Mother Nature is not afraid to go technicolor for the right effect. These eye-catching landscapes are among the world's most vivid. Some are completely natural, while others have been helped along by humans. It's no easy feat to reach many of these spots, but they're all worth a closer look.
The Dallol hydrothermal field is northeast of the Erta Ale Range in one of the lowest and hottest areas of the desolate Danakil Depression in Ethiopia. The Dallol craters are the Earth's lowest known subaerial volcanic vents. Salty hot springs featuring a rich palette of colors dot the area. There are hot yellow sulphur fields among the white salt beds.
Stephan Gladieu/Getty images/File
Lake Hillier, Australia —
Bubblegum-pink Lake Hillier is a nearly 2,000-foot-wide lake on Middle Island, the largest of the Recherche island chain in the state of Western Australia. The remote lake is accessible via plane or boat excursion from nearby Esperance. The cause of the Lake Hillier's color isn't fully known. A high level of salinity and dye-producing bacteria are possible sources of the distinctive hue.
Tourism Western Australia
Caño Cristales River, Colombia —
Called "The Liquid Rainbow" and "The River of Five Colors," Colombia's Caño Cristales River puts on a splashy show each year between July and November. An eruption of colorful algae brings a predominantly blood red color to the river when the water levels are right. Guides offer tours of the area, which is part of the national park Sierra de La Macarena in the department of Meta.
Danxia Landform, Zhangye, China —
Beautifully striped rock formations define the Danxia Landform near Zhangye in China's Gansu province. The rich, earthy, colors are the result of sandstone and minerals deposited millions of years ago.
Terraced rice fields, Yuanyang County, China —
The mirrorlike pools of Yuanyang County's flooded rice terraces in China's Yunnan province allow for an array of intense visual effects. Ancestors of the Hani people crafted the terraces by hand more than 1,000 years ago to irrigate the red rice crop. The terraces change with the seasons; in the winter and spring, flooded paddies create reflective pools, which give way to rippling ribbons of bold green in the summer growing season.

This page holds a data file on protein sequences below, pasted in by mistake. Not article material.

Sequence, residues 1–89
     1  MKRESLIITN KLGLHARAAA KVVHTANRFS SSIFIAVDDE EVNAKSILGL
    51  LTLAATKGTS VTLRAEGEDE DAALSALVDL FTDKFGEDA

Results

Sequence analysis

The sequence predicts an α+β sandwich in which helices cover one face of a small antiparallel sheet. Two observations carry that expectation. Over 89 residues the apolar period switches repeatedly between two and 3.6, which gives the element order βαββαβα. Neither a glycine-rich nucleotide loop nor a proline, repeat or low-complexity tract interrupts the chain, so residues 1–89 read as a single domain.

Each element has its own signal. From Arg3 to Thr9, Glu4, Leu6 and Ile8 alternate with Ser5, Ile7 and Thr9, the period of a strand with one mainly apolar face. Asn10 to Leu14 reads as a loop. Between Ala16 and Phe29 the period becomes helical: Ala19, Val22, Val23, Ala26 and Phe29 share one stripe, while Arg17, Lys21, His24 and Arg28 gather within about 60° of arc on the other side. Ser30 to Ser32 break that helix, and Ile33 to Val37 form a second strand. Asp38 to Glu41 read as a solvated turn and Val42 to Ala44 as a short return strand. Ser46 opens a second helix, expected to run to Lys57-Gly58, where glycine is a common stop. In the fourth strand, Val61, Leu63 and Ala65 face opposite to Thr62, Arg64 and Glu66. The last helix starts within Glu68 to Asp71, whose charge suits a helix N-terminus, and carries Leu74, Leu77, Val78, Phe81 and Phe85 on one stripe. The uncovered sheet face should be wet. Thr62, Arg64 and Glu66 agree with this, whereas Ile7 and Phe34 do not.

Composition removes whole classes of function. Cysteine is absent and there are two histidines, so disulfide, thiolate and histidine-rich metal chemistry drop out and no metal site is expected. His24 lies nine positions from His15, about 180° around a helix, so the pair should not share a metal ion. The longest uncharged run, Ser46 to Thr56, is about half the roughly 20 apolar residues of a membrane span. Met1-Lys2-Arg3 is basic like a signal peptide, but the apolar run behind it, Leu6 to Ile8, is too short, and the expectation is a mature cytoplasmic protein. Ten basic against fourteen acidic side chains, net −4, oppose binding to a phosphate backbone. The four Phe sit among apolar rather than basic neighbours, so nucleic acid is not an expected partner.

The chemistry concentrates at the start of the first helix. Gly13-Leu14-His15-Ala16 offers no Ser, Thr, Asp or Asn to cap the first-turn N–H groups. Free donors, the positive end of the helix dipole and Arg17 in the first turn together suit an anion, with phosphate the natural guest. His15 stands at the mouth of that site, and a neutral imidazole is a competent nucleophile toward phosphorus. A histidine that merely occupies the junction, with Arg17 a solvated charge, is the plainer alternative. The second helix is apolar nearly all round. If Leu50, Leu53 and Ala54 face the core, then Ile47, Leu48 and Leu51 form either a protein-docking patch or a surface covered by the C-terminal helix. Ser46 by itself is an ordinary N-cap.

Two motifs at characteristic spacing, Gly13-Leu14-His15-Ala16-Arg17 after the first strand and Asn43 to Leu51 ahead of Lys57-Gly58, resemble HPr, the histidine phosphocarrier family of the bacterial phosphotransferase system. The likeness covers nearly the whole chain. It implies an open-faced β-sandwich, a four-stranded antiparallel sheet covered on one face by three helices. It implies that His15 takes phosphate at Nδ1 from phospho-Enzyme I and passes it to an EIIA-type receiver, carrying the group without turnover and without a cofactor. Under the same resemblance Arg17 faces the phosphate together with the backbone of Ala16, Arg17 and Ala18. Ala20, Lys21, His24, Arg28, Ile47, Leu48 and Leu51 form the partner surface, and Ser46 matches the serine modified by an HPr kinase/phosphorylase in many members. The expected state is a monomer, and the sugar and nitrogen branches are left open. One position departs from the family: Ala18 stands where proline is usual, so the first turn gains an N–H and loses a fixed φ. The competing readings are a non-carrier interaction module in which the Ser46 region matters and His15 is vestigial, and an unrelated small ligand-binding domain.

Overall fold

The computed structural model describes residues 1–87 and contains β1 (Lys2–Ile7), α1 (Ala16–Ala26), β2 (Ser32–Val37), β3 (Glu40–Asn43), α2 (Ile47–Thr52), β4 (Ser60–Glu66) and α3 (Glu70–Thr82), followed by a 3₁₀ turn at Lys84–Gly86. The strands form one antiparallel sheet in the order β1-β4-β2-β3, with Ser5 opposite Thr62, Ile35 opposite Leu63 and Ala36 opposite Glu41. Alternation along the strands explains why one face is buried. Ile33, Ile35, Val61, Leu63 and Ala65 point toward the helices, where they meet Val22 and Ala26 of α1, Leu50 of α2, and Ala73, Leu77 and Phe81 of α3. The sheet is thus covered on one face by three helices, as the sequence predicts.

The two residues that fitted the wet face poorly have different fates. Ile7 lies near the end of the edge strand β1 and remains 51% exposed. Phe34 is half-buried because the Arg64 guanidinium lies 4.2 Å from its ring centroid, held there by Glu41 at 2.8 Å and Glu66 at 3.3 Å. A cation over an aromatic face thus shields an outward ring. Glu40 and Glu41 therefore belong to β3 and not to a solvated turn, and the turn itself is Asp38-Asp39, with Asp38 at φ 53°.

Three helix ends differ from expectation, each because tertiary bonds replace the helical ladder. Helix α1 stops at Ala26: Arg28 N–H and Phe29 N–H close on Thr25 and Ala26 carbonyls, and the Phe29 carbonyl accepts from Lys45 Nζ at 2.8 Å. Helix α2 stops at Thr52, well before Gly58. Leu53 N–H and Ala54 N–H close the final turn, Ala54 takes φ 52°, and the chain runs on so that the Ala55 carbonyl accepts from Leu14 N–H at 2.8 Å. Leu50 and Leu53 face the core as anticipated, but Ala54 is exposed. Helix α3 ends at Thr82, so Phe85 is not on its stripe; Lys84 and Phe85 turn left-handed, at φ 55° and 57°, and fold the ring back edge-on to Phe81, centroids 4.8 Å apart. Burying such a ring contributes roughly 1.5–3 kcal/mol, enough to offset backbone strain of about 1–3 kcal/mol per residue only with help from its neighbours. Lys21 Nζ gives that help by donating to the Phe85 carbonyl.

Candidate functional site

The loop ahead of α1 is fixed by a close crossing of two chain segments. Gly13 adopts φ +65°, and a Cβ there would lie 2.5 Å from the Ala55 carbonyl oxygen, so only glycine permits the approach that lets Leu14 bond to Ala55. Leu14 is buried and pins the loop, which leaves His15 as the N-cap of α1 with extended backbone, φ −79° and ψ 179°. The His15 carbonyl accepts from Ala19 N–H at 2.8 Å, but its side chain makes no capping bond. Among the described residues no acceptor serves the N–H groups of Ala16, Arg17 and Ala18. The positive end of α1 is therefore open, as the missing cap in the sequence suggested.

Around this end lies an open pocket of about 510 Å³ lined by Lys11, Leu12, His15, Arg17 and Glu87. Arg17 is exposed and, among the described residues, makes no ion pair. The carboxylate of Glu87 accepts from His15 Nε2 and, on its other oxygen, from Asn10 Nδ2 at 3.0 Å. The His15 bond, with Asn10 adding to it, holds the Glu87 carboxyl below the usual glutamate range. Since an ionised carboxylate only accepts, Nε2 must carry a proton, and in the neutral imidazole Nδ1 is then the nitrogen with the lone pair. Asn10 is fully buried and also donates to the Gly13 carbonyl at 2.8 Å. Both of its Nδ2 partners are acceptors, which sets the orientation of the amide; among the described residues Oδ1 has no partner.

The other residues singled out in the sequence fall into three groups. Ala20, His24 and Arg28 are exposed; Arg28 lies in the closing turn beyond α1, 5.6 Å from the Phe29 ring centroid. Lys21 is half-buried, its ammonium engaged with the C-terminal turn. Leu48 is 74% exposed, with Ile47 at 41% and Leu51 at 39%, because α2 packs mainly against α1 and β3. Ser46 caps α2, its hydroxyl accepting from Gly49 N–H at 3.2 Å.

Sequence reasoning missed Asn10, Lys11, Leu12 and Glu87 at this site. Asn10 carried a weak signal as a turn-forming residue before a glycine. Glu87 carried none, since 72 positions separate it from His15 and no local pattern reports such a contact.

Grand Prismatic Spring, Yellowstone National Park, Wyoming —
The largest hot spring in Yellowstone, Grand Prismatic Spring is about 300 feet (90 meters) across and 165 feet (50 meters) deep. At 188 degrees Fahrenheit, the bright blue water at the center of the pool is too hot to support life, but bacteria and algae thrive along the edges. The heat-loving bacteria produce orange, yellow and red pigments as a natural sunscreen, creating the spring's psychedelic look.
Luoping Basin, Qujing Prefecture, China —
Neon-yellow canola flowers blanket China's Luoping Basin in March. Each spring a festival celebrates the bright sea of golden flowers.
courtesy Yunnan Provincial Tourism
Flower fields, Hokkaido, Japan —
Blooming flowers bring swaths of color to Hokkaido, the least developed of Japan's four main islands. The island's summers are usually sunny and clear, attracting tourists looking to camp and hike in the wide-open spaces. Lavender and tulips are among the flowers cultivated on the hills from spring to fall.
Lake Natron, Tanzania —
This caustic lake along the Great Rift Valley in Tanzania is extremely salty, hot and inhospitable to most plants and animals. However, flamingos and other wetland birds thrive here alongside a species of alkaline tilapia and the salt-loving microorganisms that give the water an otherworldly red hue.
Paul & Paveena Mckenzie/Getty Images/File
Antelope Canyon, Page, Arizona —
Some landscapes spring to life with light. The oranges, pinks and purples of Antelope Canyon near Page, Arizona, are amplified and muted by the changing sunlight filtering down from above, with the most intense colors emerging during the summer months. Antelope Canyon is the Southwest's most photographed slot canyon, formed by water slicing through a mesa. The sandstone canyon is on Navajo land, and guided tours are available.
Lake Baikal ice, Siberia, Russia —
With a maximum depth of about 5,250 feet (more than 1,600 meters), Lake Baikal in Siberia is the world's deepest lake. It also contains nearly 20% of the globe's unfrozen freshwater reserve. The lake produces a mesmerizing clear turquoise ice when it does freeze.
Alexey Trofimov/Solent News/REX/AP/File
Red Beach, Panjin, China —
In the Liaohe River delta outside Panjin, China, in Liaoning province, Red Beach gets its name from seaweed that flourishes in the saline-alkali soil. The plant turns a vibrant red in the fall.
Tulip fields, Lisse, Netherlands —
Visitors flock to the Netherlands each spring to wade in knee-deep fields of tulips. From mid-March to the end of May, saturated fields of flowers dot the landscape. Mid-April is considered the peak of the flowering season.
ROBIN UTRECHT/AFP/Getty Images/File
White Mountains, New Hampshire —
Deciduous trees in the Northeastern United States create a tapestry of rich colors in the fall. While familiar to U.S. travelers, the colorful leaves never fail to draw hordes of autumn "leaf peepers."
Fly Geyser, Nevada —
This colorful curiosity on private property in the Black Rock Desert in Washoe County, Nevada, is largely unknown because it's not open to the public. But the owners do offer occasional tours, and it's visible from the road. Evidently a man-made accident, this odd formation grew and evolved after a hole drilled in the earth began to spew geothermally heated water. The resulting buildup is this fantastic fountain.